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The last typewriter … what next?

I just saw a note today that the Science Museum has acquired the
very last typewriter produced by the Brother factory:

“The factory’s 200
employees witnessed the final model of the Brother CM-1000 being packed into
its box to a soundtrack of emotional sighs and cheers. This object is the
5,855,533rd of its type to be produced but the only one which has a place in
the Science Museum collection.”

Ah, did anyone shed a tear?

Maybe you should as the typewriter was the instrument that
provided the inception for modern, ubiquitous computing (Charles Babbage et al
aside).

As the Science Museum’s website goes on to say:

“Unlike the telephone
or the automobile, the invention of the typewriter has never received worldwide
acclaim. This may be because the product is one associated with work rather
than social life.”

However, the tabulating and writing machines of the late
nineteenth century formed the backbone of the technology industry that was to
follow.

Today’s large firms, like IBM, trace their histories back to
these simple, yet revolutionary machiens.

For example, “it was
not until 1874 that a typewriter became a commercial success.  This was achieved by the inventors
Christopher Sholes and Carlos Glidden, who made an agreement with the Remington
company to have their model, the ‘Type-writer’, manufactured in quantity.”

That company, Remington became Unisys, the last company I worked for.

Unisys vied with IBM to be the biggest mainframe company
back in the 1960s.  Back then, Unisys had
a system called Univac, that ran the largest data processing services in the world. 

IBM meantime had come from another route: tabulating
machines
.

These machines processed numbers, rather than words, and
soon became the alternative route to compute power that competed with Univac,
and many others, through the 1960s.

As we now know, IBM became the leader in this space and
survives through today, whilst the others have not fared quite so well.

But the basic automation of words and numbers is a key to
where we are today, and the classic old typewriter is a wee bit of a loss.

Having said that, I’m still using a typewriter to write this
blog – it’s a personal word processing app that achieves the output – but the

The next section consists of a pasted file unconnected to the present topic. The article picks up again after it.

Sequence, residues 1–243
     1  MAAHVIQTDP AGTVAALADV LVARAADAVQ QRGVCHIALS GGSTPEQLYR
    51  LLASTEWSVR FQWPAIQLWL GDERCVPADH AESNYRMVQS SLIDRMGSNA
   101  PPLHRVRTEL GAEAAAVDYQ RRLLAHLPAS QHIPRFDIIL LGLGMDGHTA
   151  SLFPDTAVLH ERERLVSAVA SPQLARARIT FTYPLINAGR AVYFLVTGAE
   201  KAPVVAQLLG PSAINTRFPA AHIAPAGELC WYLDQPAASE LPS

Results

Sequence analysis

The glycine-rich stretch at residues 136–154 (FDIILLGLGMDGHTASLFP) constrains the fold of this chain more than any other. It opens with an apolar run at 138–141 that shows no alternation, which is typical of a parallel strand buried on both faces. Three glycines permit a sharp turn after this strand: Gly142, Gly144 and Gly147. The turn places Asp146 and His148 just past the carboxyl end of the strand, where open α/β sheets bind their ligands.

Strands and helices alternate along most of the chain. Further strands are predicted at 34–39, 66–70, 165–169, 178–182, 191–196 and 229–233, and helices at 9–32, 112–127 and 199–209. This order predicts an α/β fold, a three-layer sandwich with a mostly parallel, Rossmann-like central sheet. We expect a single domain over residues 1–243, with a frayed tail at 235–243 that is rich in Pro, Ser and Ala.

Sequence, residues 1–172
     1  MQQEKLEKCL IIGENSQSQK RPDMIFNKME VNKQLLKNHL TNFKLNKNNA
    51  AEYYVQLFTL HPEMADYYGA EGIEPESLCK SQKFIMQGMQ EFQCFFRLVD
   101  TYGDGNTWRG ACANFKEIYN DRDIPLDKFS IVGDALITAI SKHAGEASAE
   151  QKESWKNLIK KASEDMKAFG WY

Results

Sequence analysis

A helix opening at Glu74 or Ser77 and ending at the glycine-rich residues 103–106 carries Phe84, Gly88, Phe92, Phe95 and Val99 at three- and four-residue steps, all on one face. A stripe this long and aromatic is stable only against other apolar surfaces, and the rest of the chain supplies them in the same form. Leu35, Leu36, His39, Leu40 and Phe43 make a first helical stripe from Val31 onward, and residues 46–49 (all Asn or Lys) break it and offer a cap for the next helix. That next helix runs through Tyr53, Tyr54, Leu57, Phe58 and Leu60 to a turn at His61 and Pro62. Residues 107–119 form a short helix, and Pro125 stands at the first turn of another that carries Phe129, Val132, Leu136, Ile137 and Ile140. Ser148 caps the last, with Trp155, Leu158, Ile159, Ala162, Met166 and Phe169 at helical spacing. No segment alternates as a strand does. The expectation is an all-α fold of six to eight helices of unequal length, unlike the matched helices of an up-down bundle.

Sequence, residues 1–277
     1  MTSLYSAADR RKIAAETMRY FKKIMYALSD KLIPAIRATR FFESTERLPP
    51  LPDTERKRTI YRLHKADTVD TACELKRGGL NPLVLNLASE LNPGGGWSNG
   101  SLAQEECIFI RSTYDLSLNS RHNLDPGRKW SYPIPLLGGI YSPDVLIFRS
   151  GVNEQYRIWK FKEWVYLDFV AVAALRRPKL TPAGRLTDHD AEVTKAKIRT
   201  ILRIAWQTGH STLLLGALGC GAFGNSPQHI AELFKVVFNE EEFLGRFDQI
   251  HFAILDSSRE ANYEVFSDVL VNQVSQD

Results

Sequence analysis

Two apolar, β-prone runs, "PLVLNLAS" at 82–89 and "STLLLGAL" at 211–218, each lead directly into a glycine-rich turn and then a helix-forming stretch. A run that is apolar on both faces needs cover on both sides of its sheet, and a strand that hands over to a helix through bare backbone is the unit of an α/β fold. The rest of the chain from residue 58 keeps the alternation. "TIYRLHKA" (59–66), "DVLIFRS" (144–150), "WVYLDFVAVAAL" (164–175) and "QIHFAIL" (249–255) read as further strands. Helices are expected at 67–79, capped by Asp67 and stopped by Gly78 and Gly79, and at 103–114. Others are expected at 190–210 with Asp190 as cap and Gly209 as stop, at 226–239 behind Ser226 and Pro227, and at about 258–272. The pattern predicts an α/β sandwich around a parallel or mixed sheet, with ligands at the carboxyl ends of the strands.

concept is still the same: a keyboard and words automated.

Now then, when will the last keyboard ever be manufactured?

One day soon, given the predominance of voice and touch
screens
 today.

Meantime, if you like to drown in nostalgia for that classic
old clack,clack, clack, ping machine,
here’s  a few ads from the archives of IBM.

1935


1935firstad

1950


1950-a-3

1969


1969mag-b

I don’t think they would run ads like these anymore.

2001

Gracenet

About Chris M Skinner

Chris M Skinner
Chris Skinner is best known as an independent commentator on the financial markets through his blog, the Finanser.com, as author of the bestselling book Digital Bank, and Chair of the European networking forum the Financial Services Club. He has been voted one of the most influential people in banking by The Financial Brand (as well as one of the best blogs), a FinTech Titan (Next Bank), one of the Fintech Leaders you need to follow (City AM, Deluxe and Jax Finance), as well as one of the Top 40 most influential people in financial technology by the Wall Street Journal’s Financial News. To learn more click here...

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6 comments

  1. Isn’t it amazing to think, though, that the QWERTY keyboard layout – originally designed to slow down typists to a speed that the key hammers could handle – will almost certainly be a standard for very many decades to come, even though the layout makes absolutely no sense!

  2. Sorry Andy – that’s one of the myths about QWERTY – it was actually designed to reduce the frequency of jams so that typists could type faster!
    http://home.earthlink.net/~dcrehr/myths.html

  3. I sat in a meeting yesterday – it was minuted by somebody using an ipad with an app that looked just like an old notebook – on which the user was writing notes with some form of pen that the ipad screen could follow… it looked painfully slow. Sometimes the old ways really are better. I’ll admit, however, that the typewriter is definitely past its sell-by date. RIP.

  4. I read a while back about children born 10 or so years ago have never heard the “live” sound of a typewriter clicking – a sound that most of us will never forget – at least in our passive memories. When the lights go out, I have a mechanical typewriter ready to go (contingency planning – no – just never tossed it out)- problem is – where do I get replacement ribbons???!!!

  5. Ironically, the only place to get replacement ribbons for a typewriter is on the internet.

  6. John R. Cox/Millersburg, Ohio 44654-0321

    Where can I download a simple app that operates like an old Underwood or Royal typewriter with just a few features like backspace/deletion, PPP (print,post or publish) interface, common typefaces with nominal pt. size selection, real size (8.5×11) default start on screen width and scrollwheel/touch +or- zoom to see page layout or text in larger size, so I can roll in a sheet of paper thumbing the mousepad and the typing starting about a quarter up the screen? Thank-you

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